Sunday, March 26, 2023

why nude art can be good for children

Nude Christ by Melanie Cooper Pennington

Recently, the principal of Tallahassee Classical School in Florida resigned in response to complaints submitted to the school board by at least one parent after a sixth-grade class was shown a picture of Michelangelo’s David sculpture as part of their curriculum. Apparently, the parent said the sculpture was “pornographic.”

Setting aside the fact that one would expect students at a classical academy to learn about classic art such as this, I am dumbstruck by the fact that so many Christians would applaud the school board’s discipline.

As an ordained minister who has studied childhood spiritual development by working with children and partnering with church-going families over several years, I would like to explain why I think it is GOOD for children to see (and have the chance to reflect upon) nude forms in art. My rationale is rooted in a variety of theological distinctives inherent in the Christian tradition.

First, Christian teaching holds that the human body is intrinsically good. This idea is rooted in the creation account itself and reaffirmed in Scriptures like Psalm 139:14, which declares that human beings are “fearfully and wonderfully made.”

Significantly, shame about the human body only enters the picture when the first human beings begin to doubt the goodness of God and the goodness of God’s creation. Prior to questioning such goodness, it is telling that (according to Genesis 2:25) the first human beings were “naked, and they felt no shame.” It is only after they gave in to the doubts sown by the serpent (who represents evil in the story) that they made coverings for themselves. (see Gen. 3:7)

Far from corrupting children, when we help children celebrate the human form appropriately, we are, in effect, cooperating with God in celebrating what God intended for our good.

Let us keep in mind that children do, indeed, reflect upon the mystery of the human body from a very early age. And it is better to help children wonder about the body in the open than to push it into the darkness where fear and shame tend to take over. Of course, the key is to do this appropriately.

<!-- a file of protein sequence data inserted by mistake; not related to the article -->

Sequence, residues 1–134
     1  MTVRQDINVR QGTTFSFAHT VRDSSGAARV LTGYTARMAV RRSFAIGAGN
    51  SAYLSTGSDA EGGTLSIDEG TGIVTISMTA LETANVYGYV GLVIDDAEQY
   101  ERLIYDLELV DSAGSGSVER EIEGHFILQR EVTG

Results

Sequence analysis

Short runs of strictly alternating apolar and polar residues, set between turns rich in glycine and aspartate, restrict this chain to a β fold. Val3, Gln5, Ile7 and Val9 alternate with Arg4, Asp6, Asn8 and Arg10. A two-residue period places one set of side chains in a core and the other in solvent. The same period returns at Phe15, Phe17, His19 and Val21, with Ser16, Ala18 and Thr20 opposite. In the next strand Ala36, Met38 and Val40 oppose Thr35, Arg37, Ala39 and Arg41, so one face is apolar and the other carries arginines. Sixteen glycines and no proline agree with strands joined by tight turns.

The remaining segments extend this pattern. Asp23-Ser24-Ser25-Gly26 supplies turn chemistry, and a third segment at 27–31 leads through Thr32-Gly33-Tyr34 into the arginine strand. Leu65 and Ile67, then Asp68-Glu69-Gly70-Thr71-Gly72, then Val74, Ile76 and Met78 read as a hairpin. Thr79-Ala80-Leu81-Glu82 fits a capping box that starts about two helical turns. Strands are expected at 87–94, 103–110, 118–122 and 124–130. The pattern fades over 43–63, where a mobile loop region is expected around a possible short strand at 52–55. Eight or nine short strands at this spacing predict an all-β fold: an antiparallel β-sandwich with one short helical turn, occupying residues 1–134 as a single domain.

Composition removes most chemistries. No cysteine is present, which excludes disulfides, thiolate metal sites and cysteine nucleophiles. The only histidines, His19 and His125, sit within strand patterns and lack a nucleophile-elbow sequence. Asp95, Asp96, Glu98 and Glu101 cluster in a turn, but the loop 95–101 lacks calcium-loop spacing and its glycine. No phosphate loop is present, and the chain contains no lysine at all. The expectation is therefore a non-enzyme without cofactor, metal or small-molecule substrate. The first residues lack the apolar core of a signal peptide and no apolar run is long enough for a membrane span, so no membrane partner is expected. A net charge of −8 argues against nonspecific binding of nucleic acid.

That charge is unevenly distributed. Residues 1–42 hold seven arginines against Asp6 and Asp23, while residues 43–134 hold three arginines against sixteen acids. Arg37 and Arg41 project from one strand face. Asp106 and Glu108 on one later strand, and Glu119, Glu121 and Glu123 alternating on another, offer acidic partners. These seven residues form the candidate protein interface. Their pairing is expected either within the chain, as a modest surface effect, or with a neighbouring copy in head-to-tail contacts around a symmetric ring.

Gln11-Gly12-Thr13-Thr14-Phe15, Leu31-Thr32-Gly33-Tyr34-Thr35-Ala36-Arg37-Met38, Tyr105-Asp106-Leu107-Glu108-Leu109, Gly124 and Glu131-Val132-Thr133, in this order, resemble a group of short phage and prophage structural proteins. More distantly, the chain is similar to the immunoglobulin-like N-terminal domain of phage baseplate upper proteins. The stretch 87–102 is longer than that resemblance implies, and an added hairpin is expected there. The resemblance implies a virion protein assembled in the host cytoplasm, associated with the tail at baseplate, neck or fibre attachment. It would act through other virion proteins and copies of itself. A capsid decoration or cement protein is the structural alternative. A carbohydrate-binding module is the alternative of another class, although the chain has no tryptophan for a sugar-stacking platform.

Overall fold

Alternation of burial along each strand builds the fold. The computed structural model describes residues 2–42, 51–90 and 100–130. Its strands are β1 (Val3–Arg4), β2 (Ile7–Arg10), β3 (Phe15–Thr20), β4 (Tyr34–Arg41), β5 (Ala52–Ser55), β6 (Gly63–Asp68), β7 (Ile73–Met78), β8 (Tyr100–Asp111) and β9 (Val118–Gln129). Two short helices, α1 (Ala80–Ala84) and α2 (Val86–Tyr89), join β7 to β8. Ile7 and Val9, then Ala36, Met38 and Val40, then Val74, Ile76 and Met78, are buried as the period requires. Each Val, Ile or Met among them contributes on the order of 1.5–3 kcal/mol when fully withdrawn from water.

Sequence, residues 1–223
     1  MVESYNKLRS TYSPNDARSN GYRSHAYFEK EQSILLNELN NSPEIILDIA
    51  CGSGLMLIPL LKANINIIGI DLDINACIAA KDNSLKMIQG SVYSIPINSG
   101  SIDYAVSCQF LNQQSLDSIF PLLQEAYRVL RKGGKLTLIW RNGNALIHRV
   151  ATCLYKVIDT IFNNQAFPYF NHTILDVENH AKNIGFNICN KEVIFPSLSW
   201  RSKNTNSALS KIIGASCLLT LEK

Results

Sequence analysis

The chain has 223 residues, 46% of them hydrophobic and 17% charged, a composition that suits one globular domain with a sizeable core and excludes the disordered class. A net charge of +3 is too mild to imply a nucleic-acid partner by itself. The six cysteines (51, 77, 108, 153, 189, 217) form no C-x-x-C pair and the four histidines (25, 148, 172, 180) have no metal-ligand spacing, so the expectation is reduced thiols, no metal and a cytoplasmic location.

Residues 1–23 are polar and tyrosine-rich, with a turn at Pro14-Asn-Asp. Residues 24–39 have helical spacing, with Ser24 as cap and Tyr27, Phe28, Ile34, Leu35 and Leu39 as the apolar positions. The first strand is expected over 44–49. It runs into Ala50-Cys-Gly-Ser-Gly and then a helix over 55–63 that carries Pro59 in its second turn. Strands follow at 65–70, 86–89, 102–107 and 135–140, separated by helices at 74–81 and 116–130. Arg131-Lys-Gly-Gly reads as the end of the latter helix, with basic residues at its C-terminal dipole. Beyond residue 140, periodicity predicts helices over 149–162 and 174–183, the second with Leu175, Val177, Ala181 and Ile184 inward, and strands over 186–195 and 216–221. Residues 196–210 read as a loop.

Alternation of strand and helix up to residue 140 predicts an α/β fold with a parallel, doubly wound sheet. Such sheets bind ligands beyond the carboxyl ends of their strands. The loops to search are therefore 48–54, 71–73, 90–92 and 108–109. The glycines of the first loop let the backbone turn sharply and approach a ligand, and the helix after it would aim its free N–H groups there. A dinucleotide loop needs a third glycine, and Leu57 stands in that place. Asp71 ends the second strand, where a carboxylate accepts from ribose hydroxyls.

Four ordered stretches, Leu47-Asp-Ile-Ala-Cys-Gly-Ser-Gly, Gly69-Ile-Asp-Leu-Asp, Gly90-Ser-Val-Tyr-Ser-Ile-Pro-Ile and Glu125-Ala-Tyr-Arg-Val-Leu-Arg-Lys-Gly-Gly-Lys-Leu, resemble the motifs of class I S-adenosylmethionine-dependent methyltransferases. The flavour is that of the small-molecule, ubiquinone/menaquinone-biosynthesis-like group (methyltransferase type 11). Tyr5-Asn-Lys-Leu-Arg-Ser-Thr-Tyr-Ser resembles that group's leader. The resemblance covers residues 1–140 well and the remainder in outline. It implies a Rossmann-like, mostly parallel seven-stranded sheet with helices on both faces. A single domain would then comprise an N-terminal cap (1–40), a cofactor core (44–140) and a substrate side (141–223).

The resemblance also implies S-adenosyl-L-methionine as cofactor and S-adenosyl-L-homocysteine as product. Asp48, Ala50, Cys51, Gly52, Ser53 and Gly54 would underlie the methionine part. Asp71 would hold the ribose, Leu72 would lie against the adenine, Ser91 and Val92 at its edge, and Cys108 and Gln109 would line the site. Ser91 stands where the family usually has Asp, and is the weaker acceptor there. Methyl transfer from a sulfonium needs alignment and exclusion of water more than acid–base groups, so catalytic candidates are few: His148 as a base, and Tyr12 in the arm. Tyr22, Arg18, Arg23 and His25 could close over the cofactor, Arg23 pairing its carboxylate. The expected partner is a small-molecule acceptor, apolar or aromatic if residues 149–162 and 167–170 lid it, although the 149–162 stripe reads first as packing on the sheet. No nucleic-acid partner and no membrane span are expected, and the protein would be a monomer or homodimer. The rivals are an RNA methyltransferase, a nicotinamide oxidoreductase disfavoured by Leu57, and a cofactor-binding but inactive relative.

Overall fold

You may well ask, then: what is appropriate and what is inappropriate?

Certainly, portrayals that are intended to objectify, degrade, victimize, and oppress human beings are to be rejected. Since the idea of “being made in God’s image” involves the act of exercising real autonomy over one’s own body, I hasten to add that any portrayals which violate the agency of the subject in question constitute one of the gravest evils (if not the greatest evil) in our society today. Here I refer to the preponderance of child pornography. This is a great evil, to be sure, because it preys upon the vulnerability of those who have little or no power to stand up for themselves when their agency has been violated.

This is precisely where the Christian story speaks so powerfully to this question, for Christianity teaches that God became one of us (a human being) in the person of Jesus of Nazareth. Theologically speaking, this is referred to as “the incarnation.” Briefly, the incarnation says that God took on human flesh to redeem what God intended for good in the very beginning and to reassert the goodness of it all. For the Christian, the embodiment of the Divine in the incarnation proves to be the decisive moment that dignifies humanity, even as Christ takes upon himself the shame and humiliations we inflict upon ourselves.

In this light, it is noteworthy that the two key events in the Christ story (birth and death) are events in which God’s only Son identifies with us in our stripped form, completely naked, willing to be exposed and vulnerable before the religious powerbrokers (who had developed the habit of objectifying God) and the political overlords (who could degrade and victimize whomever they wished to oppress).

Indeed, it is striking to me that most portrayals of the birth and death of Christ take pains to cover up his nakedness. This is tragic because it is through the very self-exposure of God that we may behold the depth of God’s love for us by identifying with us in our own vulnerable exposures. Far from evil, it is through the nakedness of God in these key salvific moments that we return to the light of grace.

Let us remember that the Gospels affirm this portrait as the writers recorded the fact that the very last piece of Jesus' clothing was a loincloth which the soldiers removed from his body in a degrading game of chance. And it was this very ugliness and humiliation that the apostle Paul celebrated as a kind of subversive victory. Jesus went right to our deepest, darkest places of shame and ushered us into the light of affirming love by the very act of exposure.

For these reasons, I encourage parents and educators to be thoughtful about helping children reflect upon the human body through various art forms, including visual depictions of nudity. Far from being an anti-Christian phenomenon, I suggest such thoughtful engagement can help us more fully embody an intrinsically Christian ethic and mediate an encounter with the Divine through a celebration of all that is good and beautiful in the human form itself.


why nude art can be good for children
reflections by troy cady
*Photo: Nude Christ by Melanie Cooper Pennington

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